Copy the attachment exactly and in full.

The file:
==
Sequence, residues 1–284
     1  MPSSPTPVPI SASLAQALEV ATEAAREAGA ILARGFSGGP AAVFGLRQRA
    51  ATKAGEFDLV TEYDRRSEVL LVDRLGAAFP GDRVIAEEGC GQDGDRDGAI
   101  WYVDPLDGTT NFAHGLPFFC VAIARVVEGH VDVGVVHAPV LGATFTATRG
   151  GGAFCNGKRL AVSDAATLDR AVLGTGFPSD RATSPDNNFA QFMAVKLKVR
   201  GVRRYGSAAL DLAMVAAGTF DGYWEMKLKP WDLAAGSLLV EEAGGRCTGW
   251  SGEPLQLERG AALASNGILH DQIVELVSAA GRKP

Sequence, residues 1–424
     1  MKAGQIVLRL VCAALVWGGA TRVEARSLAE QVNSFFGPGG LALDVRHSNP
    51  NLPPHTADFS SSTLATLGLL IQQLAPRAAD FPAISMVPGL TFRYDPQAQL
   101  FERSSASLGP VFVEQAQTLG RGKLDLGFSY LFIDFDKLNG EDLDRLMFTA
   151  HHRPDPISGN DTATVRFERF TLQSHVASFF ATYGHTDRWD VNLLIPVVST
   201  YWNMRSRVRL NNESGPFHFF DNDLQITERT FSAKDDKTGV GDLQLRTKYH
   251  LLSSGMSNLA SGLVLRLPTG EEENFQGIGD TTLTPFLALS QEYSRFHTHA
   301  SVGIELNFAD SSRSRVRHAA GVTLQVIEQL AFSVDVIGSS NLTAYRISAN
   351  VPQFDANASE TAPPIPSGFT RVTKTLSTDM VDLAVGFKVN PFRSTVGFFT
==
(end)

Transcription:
Sequence, residues 1–284
     1  MPSSPTPVPI SASLAQALEV ATEAAREAGA ILARGFSGGP AAVFGLRQRA
    51  ATKAGEFDLV TEYDRRSEVL LVDRLGAAFP GDRVIAEEGC GQDGDRDGAI
   101  WYVDPLDGTT NFAHGLPFFC VAIARVVEGH VDVGVVHAPV LGATFTATRG
   151  GGAFCNGKRL AVSDAATLDR AVLGTGFPSD RATSPDNNFA QFMAVKLKVR
   201  GVRRYGSAAL DLAMVAAGTF DGYWEMKLKP WDLAAGSLLV EEAGGRCTGW
   251  SGEPLQLERG AALASNGILH DQIVELVSAA GRKP

Sequence, residues 1–424
     1  MKAGQIVLRL VCAALVWGGA TRVEARSLAE QVNSFFGPGG LALDVRHSNP
    51  NLPPHTADFS SSTLATLGLL IQQLAPRAAD FPAISMVPGL TFRYDPQAQL
   101  FERSSASLGP VFVEQAQTLG RGKLDLGFSY LFIDFDKLNG EDLDRLMFTA
   151  HHRPDPISGN DTATVRFERF TLQSHVASFF ATYGHTDRWD VNLLIPVVST
   201  YWNMRSRVRL NNESGPFHFF DNDLQITERT FSAKDDKTGV GDLQLRTKYH
   251  LLSSGMSNLA SGLVLRLPTG EEENFQGIGD TTLTPFLALS QEYSRFHTHA
   301  SVGIELNFAD SSRSRVRHAA GVTLQVIEQL AFSVDVIGSS NLTAYRISAN
   351  VPQFDANASE TAPPIPSGFT RVTKTLSTDM VDLAVGFKVN PFRSTVGFFT